C o d i n g O n N e t a d e l i c a
The text file for the game says that I wrote it partly because there seemed to be no other versions that tried specifically to replicate the original as authentically as possible. In January 2002, I came across InvaderX, written by Andy Miles, that is an absolutely fantastic version. It's miles better than mine, and I recommend you get his instead of mine if you want to get as close as possible to the original (short of emulation). InvaderX is at this page, and requires DirectX. It's difficult to believe that it is all original code with no emulation, it's so good, but Andy assures me that's the case. Hats off to him!
A friend and I wrote two commercial games in that monitor. My friend wrote Grid Warriors, a top-down, Tron-style light cycles game with scrolling window. I wrote Dominator, a left/right shoot-em-up with lots of levels of swirly aliens. Both games were accepted by top software houses of the day - Grid Warriors by Severn Software, Dominator by Tansoft. Unfortunately, during the latter stages of negotiations, the company that made the Oric went bust and the Oric boom was over. Grid Warriors was taken up by another company, and my friend went on receiving royalty cheques for 36p for years afterwards. To my horror, all my cassettes got corrupted (I used to leave them on a loudspeaker - duh!), and Dominator was lost forever. Boohoo! I didn't get over that for quite a while and lost interest in computers.
In the first year at college, Atari STs were the thing, so I blew most of student grant on one. It was all rather disillusioning. I was used to computers like the Oric and the BBC which were well-defined, easily- understood machines. The ST was far more complex and it felt like a big effort learning the complex internals just in order to be able to launch a bit of machine code. I persevered, learned 68000 and wrote some stuff, but never really got gripped by it.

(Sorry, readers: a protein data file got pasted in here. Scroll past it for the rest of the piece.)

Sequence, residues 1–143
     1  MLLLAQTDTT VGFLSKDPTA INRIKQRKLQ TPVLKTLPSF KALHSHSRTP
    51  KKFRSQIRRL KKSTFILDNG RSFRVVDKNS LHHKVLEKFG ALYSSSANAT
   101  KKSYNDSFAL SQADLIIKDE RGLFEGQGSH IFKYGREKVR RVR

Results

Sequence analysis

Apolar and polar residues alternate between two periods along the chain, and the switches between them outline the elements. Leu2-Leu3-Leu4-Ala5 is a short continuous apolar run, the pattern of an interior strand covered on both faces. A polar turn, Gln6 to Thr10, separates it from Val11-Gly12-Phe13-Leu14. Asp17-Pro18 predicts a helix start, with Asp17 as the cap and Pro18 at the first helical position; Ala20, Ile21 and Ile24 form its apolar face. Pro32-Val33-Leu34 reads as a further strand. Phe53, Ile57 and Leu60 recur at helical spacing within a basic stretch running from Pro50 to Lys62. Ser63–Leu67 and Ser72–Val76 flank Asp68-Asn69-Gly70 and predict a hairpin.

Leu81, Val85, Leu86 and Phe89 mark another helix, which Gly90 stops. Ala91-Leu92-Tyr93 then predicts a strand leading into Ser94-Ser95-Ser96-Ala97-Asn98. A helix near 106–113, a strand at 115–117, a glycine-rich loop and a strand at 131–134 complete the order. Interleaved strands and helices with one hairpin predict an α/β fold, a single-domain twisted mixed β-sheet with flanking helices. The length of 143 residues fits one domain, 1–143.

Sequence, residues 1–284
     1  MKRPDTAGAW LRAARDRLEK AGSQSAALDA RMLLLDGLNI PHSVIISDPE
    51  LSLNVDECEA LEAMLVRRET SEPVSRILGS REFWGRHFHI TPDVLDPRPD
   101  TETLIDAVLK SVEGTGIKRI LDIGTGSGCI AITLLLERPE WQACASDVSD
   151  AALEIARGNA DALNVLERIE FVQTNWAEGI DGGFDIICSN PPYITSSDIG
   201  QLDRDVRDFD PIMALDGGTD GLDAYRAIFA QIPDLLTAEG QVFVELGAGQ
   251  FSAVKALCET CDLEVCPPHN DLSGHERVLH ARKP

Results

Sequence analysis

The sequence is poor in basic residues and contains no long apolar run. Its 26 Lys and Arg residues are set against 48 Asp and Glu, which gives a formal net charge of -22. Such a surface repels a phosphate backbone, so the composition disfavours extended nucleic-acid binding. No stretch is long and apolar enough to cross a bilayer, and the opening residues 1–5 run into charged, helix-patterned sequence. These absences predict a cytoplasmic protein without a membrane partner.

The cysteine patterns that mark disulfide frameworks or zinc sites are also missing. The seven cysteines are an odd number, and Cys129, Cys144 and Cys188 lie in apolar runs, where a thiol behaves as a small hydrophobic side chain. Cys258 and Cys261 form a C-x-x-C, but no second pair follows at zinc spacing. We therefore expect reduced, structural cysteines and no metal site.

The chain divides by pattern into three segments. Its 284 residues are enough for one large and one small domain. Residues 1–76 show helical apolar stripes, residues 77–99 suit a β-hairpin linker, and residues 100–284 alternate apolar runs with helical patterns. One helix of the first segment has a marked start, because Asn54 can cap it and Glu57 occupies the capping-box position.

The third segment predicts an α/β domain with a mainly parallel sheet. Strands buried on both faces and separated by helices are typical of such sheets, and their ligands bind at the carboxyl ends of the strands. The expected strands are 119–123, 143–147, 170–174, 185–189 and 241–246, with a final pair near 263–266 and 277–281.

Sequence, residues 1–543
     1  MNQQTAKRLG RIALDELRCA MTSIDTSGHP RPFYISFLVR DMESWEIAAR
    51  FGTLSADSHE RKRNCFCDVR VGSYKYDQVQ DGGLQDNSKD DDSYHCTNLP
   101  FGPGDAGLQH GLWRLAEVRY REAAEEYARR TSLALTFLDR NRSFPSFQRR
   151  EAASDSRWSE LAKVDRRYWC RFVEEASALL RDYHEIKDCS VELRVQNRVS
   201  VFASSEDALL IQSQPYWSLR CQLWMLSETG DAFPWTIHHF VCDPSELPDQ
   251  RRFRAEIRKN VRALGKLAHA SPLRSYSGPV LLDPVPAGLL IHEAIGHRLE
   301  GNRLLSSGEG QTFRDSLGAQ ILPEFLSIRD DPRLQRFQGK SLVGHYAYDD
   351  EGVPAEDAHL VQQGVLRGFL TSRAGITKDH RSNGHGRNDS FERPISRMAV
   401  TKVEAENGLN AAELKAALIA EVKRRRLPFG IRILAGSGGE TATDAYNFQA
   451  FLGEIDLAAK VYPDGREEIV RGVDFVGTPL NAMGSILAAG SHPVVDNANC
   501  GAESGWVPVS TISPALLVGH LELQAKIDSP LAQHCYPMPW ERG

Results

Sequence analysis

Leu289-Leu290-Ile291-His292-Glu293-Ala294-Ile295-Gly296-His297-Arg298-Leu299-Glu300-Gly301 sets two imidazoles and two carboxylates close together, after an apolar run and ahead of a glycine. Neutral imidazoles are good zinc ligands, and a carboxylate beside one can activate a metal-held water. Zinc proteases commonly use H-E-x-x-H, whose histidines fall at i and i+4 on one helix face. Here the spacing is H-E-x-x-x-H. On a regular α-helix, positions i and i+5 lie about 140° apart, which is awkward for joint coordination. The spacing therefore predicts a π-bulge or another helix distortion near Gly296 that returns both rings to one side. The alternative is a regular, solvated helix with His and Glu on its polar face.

I gaily abandoned computers in my life when I started my placement year (which was, of course, a year of programming). No computer in the house - how grown up! It was a liberating experience, and the first time I'd separated work or study from home life. The placement job was great, writing schools software for the then-new Acorn Archimedes for Newman Software, part of Newman College in Birmingham. The BBC magazines reviewed my programs, and the Times Educational Supplement even said of one program I was particularly proud of something like "every school should have this program". Gosh.
After finishing college and starting work, I didn't have a computer in the house for several years, and spent my time doing grown up things like drinking and discussing the human condition. I couldn't resist forever, though, and acquired a 286 PC soon after buying a house (a Big Thing). That PC was useless for programming (GW-BASIC, Hercules graphics) but it got me onto the Internet with a DOS port of KA9Q. I accepted that computers and coding was in my genes and reverted to type. A few PC upgrades later, and here I am, writing this. Tada!
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